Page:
This press release contains forward-looking statements within the meaning of the federal securities laws with respect to the business of GreenLight Biosciences, Inc. and its proposed transaction with Environmental Impact Acquisition Corp. (“ENVI”), including statements regarding the anticipated benefits and uses of GreenLight’s product candidates, the market opportunities for GreenLight’s product candidates, timing of clinical trials, and the timing of commercial launch of product candidates, and the anticipated business combination with ENVI. These forward-looking statements are generally identified by the words “believe,” “project,” “expect,” “anticipate,” “estimate,” “intend,” “strategy,” “future,” “opportunity,” “plan,” “may,” “should,” “will,” “would,” “will be,” “will continue,” “will likely result” and similar expressions. Forward-looking statements are predictions, projections and other statements about future events that are based on current expectations and assumptions and, as a result, are subject to risks and uncertainties. Many factors could cause actual future events to differ materially from these forward-looking statements, including but not limited to: the need to obtain regulatory approval for GreenLight’s product candidates; the risk that clinical trials will not demonstrate that GreenLight’s therapeutic product candidates are safe and effective; the risk that GreenLight’s product candidates will have adverse side effects or other unintended consequences, which could impair their marketability; the risk that GreenLight’s product candidates do not satisfy other legal and regulatory requirements for marketability in one or more jurisdictions; the risks of enhanced regulatory scrutiny of mRNA solutions; the risk of significant delays in research, development, testing, clinical trials and regulatory approval; the potential inability to achieve GreenLight’s goals regarding scalability and affordability of its product candidates; the anticipated need for additional capital to achieve GreenLight’s business goals; changes in the industries in which GreenLight operates; changes in laws and regulations affecting the business of GreenLight; the risk that the proposed business combination with ENVI may not be completed in a timely manner or at all, which may adversely affect the price of ENVI’s securities; the failure to satisfy conditions to the consummation of the transaction; the occurrence of any event, change or other circumstance that could give rise to the termination of the business combination agreement; risks that the proposed transaction disrupts current plans and operations of GreenLight; and the potential inability to implement or achieve business plans, forecasts, and other expectations after the completion of the proposed transaction. The foregoing list of factors is not exhaustive. Readers should carefully consider the foregoing factors and the other risks and uncertainties described in the “Risk Factors” section of the registration statement on Form S-4 discussed below and other documents filed by ENVI from time to time with the U.S. Securities and Exchange Commission (the “SEC”). These filings identify and address other important risks and uncertainties that could cause actual events and results to differ materially from those contained in the forward-looking statements. Forward-looking statements speak only as of the date they are made. Readers are cautioned not to put undue reliance on forward-looking statements, and ENVI and GreenLight assume no obligation and do not intend to update or revise these forward-looking statements, whether as a result of new information, future events or otherwise. Neither ENVI nor GreenLight gives any assurance that GreenLight or ENVI, or the combined company, will achieve any result described in any forward-looking statement.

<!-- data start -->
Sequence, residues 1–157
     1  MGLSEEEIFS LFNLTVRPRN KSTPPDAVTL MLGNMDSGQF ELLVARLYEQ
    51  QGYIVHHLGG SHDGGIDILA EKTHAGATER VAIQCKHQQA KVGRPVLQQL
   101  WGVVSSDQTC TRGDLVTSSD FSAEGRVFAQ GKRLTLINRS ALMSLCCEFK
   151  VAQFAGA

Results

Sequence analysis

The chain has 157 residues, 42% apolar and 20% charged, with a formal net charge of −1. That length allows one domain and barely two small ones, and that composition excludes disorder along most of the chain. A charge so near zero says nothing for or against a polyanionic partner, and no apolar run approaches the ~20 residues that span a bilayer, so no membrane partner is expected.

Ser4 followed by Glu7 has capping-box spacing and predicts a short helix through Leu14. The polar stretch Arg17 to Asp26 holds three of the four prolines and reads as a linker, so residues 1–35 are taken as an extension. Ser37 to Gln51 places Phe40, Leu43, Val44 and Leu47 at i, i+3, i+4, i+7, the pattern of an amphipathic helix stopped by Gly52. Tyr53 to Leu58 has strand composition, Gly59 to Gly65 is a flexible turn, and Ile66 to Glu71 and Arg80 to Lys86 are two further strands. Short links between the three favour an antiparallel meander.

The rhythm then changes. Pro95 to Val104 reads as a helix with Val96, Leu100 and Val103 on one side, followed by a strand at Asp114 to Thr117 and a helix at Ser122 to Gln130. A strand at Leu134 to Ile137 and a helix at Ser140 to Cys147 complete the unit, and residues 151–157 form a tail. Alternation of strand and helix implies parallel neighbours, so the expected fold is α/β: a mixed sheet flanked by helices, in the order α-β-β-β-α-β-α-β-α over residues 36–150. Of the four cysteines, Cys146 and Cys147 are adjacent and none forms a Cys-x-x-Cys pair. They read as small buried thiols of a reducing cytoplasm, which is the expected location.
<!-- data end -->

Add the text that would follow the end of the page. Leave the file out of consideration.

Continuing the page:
Important Information and Where to Find It